[olug] list of United States IP blocks

Lou Duchez lou at paprikash.com
Fri Jan 12 18:22:06 CST 2018

How would one get a list of United States IP blocks from GeoIP?

I want to load US IPs into iptables and thus keep much of the riffraff out.

> We have only had 1 issue with Google's GeoIP in the 5 years that we have
> used them.  They typically do a very good job at it since their business
> relies on it heavily.  We didn't realize how much until we tried to
> advertise US IP address in some of our overseas offices.  Come to find out
> thats how google decides what datacenter they are going to send you to for
> your docs,email, maps.  Our users were complaing that they weren't seeing
> updates for minutes in shared docs as folks were on conference calls and
> updating them in realtime, Come to find out they were getting served up a
> copy of the doc from a stateside location instead of a datacenter closer to
> them since they had a US based IP.   Google maps would also default to the
> US instead of the country where they were as well.  So yes their GeoIP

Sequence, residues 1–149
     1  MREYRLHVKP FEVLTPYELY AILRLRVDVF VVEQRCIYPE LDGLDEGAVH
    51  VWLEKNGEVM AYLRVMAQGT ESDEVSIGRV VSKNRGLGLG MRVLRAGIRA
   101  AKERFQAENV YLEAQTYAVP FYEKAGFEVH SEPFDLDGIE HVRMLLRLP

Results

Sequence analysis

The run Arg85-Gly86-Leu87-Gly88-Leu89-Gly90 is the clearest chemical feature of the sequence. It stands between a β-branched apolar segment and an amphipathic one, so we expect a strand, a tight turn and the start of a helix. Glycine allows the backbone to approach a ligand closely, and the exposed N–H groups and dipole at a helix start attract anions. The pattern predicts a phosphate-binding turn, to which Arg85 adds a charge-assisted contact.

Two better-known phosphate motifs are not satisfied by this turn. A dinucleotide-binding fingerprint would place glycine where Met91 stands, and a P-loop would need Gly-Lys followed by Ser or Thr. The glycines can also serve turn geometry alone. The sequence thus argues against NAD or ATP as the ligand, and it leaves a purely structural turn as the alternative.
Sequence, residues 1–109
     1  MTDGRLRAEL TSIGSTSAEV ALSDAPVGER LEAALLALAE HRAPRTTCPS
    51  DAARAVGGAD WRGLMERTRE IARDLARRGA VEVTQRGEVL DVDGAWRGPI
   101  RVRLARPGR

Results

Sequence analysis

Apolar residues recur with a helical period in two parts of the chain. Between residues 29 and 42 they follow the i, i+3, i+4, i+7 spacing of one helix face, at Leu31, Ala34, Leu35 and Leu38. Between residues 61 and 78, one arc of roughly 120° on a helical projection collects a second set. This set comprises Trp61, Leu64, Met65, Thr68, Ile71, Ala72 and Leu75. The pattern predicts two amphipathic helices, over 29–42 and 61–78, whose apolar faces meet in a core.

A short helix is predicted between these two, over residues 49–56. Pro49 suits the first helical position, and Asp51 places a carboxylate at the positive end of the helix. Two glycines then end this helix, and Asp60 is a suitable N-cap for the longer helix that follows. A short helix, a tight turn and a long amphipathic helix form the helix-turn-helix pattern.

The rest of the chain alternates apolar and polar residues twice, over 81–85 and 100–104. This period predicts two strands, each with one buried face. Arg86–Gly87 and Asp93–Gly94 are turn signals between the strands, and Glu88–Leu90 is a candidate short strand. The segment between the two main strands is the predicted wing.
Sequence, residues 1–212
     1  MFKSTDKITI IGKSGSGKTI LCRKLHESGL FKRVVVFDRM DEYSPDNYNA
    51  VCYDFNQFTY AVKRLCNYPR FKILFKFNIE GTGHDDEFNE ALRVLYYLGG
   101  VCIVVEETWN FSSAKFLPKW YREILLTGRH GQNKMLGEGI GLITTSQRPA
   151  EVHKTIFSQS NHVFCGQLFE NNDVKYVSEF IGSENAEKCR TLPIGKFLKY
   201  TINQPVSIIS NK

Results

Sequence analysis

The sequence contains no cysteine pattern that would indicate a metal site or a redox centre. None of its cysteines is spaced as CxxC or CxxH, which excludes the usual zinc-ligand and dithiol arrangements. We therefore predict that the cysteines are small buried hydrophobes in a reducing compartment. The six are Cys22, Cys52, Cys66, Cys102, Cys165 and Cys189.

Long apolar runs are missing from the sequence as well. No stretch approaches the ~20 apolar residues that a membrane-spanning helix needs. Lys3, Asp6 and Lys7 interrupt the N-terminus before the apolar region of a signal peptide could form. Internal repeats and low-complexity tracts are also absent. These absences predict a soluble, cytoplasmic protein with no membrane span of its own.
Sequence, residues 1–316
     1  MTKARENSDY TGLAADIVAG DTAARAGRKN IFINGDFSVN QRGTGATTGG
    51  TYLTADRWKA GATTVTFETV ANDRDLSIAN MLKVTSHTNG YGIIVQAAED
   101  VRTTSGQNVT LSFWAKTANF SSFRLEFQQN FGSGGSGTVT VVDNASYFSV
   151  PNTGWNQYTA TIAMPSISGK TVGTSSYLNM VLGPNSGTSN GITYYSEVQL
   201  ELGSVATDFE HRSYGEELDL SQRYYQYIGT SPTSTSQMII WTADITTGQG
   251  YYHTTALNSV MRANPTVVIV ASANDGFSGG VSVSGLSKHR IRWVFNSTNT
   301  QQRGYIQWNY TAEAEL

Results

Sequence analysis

> database is usally very accurate.
> Trent
> On Thu, Jan 11, 2018 at 11:14 AM, Christopher Cashell <topher-olug at zyp.org>
> wrote:
>> On Thu, Jan 11, 2018 at 10:09 AM, Lou Duchez <lou at paprikash.com> wrote:
>>> I found a list of IP blocks assigned to the United States:
>>> http://www.ipdeny.com/ipblocks/data/aggregated/us-aggregated.zone
>>> Anyone finding that they're NOT on this list?  I find that my various IPs
>>> are all on here.  There's all sorts of firewally goodness I can use this
>>> list for, assuming it's reliable.  (Assuming they're telling the truth,
>>> they update their list on a daily basis.)
>> There are lots of pretty good GeoIP databases, but be aware that none of
>> them are going to be perfect, and IP assignment and route advertisements
>> change regularly.  They can be very useful, but if you rely on them, or
>> expect them to be correct, or make decisions such as traffic blocking based
>> on them, you may run into trouble.  At the least, I would recommend not
>> taking hard action beyond very specific subnets that are well known to be
>> assigned to certain countries.
>> It wasn't that long ago that I saw a chunk of public IP space at work that
>> Google believed was from the Philippines.  Accessing Google through that
>> block caused us to get redirected to http://www.google.com.ph, even though
>> the actual Internet connection point was in Denver.  And Google does a
>> better job than most at maintaining GeoIP information.
>> --
>> Christopher
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